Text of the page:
Newsletter: Today: Boeing Faces More Pressure

The distinctive winglet on a Boeing 737 Max airplane is shown on the assembly line in Renton, Wash., in 2015. Two 737 Max jetliners were involved in fatal crashes in the last six months.
(Ted S. Warren / Associated Press)

Boeing Co. is coming under growing international pressure to account for the second crash of its 737 Max jetliner.


Boeing Faces More Pressure

An unfolding investigation. Skittish passengers. Nervous investors. As authorities try to determine what caused a second crash of a Boeing 737 Max aircraft, the company is facing increased pressure. The Federal Aviation Administration on Monday issued a statement of confidence in the safety of the 737 Max, and several U.S. airlines have expressed support for the aircraft. On the other hand, China, Indonesia and Ethiopia are among those that have grounded their fleets of Boeing’s most successful and newest model, and Jim Hall, a former chairman of the National Transportation Safety Board, said, “Boeing should put safety first and ground this aircraft.” Half a dozen safety experts interviewed by The Times cautioned that almost no cause of the Ethiopian Airlines accident can be ruled out, including pilot error or terrorism. Investigators hope to analyze information from the jetliner’s event data recorder and cockpit voice recorder, which were found at the crash site. Boeing is being sued by dozens of victims’ families over last year’s Indonesian Lion Air disaster involving a 737 Max.


Trump’s Budget Proposal? (Shrug)

President Trump has sent a $4.7-trillion budget request to Congress that calls for an additional $8.6 billion to build a wall on the U.S.-Mexico border, a reduction of Medicare spending by $846 billion over the next decade, and a 5% increase in Department of Defense spending. The reaction in Washington? Mostly shrugs, including from the president. Such budget proposals are generally symbolic, as Congress holds the purse strings, but previous presidents have used them as a way to rally around their policies. This time, not so much.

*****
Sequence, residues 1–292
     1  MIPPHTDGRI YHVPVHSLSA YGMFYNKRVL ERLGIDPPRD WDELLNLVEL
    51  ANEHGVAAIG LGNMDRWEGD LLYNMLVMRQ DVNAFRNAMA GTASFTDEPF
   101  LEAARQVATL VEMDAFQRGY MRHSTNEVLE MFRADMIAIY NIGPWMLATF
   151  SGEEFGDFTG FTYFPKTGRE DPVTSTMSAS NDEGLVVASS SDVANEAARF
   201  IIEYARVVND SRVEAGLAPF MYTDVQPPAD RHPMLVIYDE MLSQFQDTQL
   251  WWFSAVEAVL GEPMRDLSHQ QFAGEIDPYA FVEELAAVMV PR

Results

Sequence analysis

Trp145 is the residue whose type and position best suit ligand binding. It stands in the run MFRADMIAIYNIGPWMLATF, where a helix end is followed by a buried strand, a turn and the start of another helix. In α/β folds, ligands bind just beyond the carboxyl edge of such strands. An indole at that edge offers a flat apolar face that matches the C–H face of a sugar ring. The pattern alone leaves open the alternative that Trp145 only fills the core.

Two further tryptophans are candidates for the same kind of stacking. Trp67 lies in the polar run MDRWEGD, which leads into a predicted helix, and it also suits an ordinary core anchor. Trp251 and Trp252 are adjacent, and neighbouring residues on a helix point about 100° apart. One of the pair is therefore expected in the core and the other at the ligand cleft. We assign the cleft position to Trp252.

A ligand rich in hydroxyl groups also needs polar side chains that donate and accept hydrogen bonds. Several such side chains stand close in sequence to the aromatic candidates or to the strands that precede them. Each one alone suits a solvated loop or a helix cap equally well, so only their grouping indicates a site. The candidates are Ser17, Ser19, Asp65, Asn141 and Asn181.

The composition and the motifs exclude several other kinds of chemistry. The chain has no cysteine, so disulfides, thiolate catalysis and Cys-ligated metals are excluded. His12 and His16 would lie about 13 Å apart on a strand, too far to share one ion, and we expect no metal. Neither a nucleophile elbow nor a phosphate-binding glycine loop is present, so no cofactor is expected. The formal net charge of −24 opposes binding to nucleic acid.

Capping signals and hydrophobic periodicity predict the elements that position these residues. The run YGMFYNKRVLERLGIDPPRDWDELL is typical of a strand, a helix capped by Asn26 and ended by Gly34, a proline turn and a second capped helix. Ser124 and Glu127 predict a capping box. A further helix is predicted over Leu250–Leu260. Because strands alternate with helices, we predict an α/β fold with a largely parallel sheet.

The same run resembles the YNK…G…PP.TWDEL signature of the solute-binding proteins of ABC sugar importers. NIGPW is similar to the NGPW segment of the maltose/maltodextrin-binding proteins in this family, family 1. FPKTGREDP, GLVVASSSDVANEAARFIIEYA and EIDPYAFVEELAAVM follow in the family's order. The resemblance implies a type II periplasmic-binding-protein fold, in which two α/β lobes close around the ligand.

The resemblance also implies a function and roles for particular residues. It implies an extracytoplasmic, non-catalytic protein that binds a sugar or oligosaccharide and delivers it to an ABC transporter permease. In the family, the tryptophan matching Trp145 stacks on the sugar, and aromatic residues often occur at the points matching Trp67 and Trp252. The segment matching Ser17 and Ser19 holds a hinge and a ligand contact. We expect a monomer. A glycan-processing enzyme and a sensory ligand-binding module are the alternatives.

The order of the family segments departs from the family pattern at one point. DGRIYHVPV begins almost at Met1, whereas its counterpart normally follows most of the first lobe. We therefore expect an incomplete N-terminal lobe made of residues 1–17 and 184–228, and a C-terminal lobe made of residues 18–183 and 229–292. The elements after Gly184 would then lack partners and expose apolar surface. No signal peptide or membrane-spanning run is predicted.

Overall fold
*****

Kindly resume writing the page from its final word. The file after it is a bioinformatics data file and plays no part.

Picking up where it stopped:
More Politics

-- The United States announced late Monday that it was pulling the remaining staff from its embassy in Venezuela, citing the deteriorating situation in the South American nation.


-- House Speaker Nancy Pelosi said in an interview that she opposes moving to impeach Trump “unless there’s something so compelling and overwhelming and bipartisan.” Still, she thinks he is unfit for office.

-- Sen. Elizabeth Warren explained her bold proposal to take on Google, Amazon and Facebook.

Requiem for a Gun Control Advocate

Victor McElhaney believed in the power of music to bring people together. He was known for his critical thinking and as an advocate for black lives, women and gun control; his mother, an Oakland councilwoman, helped create the city’s Department of Violence Prevention. He loved to make people smile. On Sunday, not far from the University of Southern California, where he was studying jazz, police say he was gunned down in the parking lot of a liquor store when a group of men tried to mug the 21-year-old and his friends.

Spawn of the Blob

It came not from outer space, but from the Pacific Ocean: the warm-water “blob” that sat off the coast of California for a few years until late 2016. Along with the marine heat wave’s rising sea surface temperatures and changing currents came dozens of nonnative species that were once unheard of in northern waters, according to researchers at UC Davis, the Farallon Institute and the Marine Science Institute at UC Santa Barbara. As a result, the biological diversity of some coastal communities may never be the same.

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William Mulholland, the “father” of Los Angeles’ municipal water system, had built the St. Francis Dam just north of present-day Santa Clarita. It held back more than 12 billion gallons. But from the time the dam opened in 1926, it leaked. Then, on this day in 1928, it collapsed, killing an estimated 400 to 600 people in the second-deadliest disaster in California history. Times photographers captured images of the damage, the survivors and those who perished.

The remains of the St. Francis Dam on March 13, 1928, the day after it gave way.
(Harry C. Anderson / Los Angeles Times)